Economic Development: Strategic Project Amid Local Fear

16 June 2017

Myanmar-China joint ventured project Kyaukphyu Economic Zone is set to be the trade corridor of Myanmar, with Africa, Middle East and China. 

It is also positioned to serve as the strategic place connecting the three dynamic economies of China, India and ASEAN. 

The development of SEZ in Rakhine State was first announced in September 2013. The project area covers more than 4,200 at the heart of a rural area inhabited by some 400,000 people.

As part of the project, the port was built at the entry point for a Chinese oil and gas pipeline. The pipeline is part of the nearly 10 billion dollars SEZ project, and forms a crucial part of Beijing's "Belt and Road" project to deepen its economic links with Asia and beyond.

The two countries signed an agreement in April that will see oil pumped through the pipeline from Kyauk Pyu across Myanmar to southwestern China.

As the commencement of this project, an oil tanker carrying 130,000 metric tons of crude oil arrived at Made Island Jetty in KyaukPhyu on April 10th.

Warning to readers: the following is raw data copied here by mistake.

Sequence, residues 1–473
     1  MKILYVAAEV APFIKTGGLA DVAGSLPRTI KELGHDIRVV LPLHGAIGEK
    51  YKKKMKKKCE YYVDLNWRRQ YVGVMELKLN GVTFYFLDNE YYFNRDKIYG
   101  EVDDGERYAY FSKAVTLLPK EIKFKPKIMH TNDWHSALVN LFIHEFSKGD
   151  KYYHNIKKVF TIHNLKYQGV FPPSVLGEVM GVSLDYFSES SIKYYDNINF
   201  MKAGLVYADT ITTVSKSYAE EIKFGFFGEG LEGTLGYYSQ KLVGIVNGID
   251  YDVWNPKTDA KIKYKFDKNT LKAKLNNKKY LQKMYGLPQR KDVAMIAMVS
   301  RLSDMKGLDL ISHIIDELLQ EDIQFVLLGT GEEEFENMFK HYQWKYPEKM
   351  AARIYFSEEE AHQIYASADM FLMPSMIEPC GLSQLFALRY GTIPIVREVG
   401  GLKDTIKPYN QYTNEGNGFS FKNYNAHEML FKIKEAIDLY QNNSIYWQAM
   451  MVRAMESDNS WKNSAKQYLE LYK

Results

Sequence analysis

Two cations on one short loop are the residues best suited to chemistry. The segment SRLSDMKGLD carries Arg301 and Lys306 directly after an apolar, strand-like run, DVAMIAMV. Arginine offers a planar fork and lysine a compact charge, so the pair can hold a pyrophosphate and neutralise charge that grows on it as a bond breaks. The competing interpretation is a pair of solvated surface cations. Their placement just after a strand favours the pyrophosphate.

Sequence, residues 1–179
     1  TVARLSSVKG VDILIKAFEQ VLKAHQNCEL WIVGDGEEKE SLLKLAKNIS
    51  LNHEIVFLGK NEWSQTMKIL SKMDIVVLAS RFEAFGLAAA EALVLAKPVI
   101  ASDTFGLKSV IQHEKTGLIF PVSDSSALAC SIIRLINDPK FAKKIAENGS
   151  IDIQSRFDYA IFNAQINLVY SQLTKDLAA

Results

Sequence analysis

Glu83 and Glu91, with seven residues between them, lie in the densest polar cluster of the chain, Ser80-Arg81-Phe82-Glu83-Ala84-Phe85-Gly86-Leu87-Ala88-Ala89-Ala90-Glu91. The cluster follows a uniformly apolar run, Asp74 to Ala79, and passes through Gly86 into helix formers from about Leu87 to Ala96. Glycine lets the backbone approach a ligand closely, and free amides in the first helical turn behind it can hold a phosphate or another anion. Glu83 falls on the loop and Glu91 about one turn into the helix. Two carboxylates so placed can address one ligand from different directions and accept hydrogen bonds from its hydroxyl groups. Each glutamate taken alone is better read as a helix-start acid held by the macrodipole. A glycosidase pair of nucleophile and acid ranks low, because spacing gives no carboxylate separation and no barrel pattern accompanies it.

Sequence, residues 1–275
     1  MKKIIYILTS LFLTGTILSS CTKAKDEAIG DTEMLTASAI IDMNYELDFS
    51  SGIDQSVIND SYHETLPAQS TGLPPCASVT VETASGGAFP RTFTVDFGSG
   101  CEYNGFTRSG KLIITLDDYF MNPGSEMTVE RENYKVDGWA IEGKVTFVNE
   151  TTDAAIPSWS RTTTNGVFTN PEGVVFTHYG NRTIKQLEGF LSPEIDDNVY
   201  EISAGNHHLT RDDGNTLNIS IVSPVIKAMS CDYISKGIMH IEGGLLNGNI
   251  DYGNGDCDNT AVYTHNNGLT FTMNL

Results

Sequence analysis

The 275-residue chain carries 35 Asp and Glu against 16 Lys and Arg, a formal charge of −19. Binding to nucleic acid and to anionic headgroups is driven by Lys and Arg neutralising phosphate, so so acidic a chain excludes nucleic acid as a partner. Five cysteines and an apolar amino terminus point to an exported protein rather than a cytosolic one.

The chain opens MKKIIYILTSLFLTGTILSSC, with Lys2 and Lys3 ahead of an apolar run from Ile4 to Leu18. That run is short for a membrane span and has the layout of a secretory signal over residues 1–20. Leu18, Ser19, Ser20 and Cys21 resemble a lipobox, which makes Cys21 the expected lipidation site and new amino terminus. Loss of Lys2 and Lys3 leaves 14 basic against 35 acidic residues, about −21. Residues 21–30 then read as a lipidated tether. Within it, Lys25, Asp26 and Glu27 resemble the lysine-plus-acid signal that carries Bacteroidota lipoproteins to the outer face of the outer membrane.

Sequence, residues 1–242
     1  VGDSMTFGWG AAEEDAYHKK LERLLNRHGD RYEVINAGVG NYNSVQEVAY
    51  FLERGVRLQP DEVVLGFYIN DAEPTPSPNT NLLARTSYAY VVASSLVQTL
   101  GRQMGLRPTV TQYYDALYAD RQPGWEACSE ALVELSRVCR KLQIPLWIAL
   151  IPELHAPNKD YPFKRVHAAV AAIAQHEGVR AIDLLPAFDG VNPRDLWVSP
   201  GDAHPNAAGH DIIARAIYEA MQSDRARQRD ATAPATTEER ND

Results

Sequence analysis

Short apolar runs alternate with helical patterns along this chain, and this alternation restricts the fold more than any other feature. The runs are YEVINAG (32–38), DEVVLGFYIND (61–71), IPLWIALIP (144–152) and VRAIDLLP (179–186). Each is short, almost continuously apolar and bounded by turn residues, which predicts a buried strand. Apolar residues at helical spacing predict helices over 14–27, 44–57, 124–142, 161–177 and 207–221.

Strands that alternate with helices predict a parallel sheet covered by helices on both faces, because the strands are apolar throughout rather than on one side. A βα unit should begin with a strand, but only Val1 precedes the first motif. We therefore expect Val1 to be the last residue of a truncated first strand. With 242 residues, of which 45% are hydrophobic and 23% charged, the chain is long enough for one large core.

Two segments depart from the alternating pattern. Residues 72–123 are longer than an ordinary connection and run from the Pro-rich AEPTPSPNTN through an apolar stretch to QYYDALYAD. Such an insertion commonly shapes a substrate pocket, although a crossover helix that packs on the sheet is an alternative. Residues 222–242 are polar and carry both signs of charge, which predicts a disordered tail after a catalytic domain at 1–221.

CITIC Group, the main developer of the Kyauk Pyu SEZ, says the project will create 100,000 jobs opportunities in Rakhine State.

But many local residents say they fear the project would not contribute to the development of the area as there is no consultation or regard for their way of life.

LOCAL FISHERMAN, NYEIN AYE: They stop us when we go out fishing. We have been facing many difficulties since these big ships arrived. Our income has been reduced since then.

But China says the Kyauk Pyu development is based on "win-win" co-operation between the two countries.

CITIC says it will build a vocational school to provide training for skills needed by companies in the economic zone. It has given 1.5 million dollars to local villages to develop businesses, according to Reuters report.

Experts pointed out that there needs to be more information and planning to give people more confidence that they can also benefit from this project.

LEGAL CONSULTANT , INTERNATIONAL COMMISSION OF JURISTS,  SEAN BAIN : "So the worry is that people will be displaced without proper compensation and without restoration of their livelihoods and this will result in violations of their economic rights, their social rights and their cultural rights."

Chinese investors say they also plan to spend 1 million dollars during the first five years of the development, and 500,000 dollars per year thereafter to improve local living standards.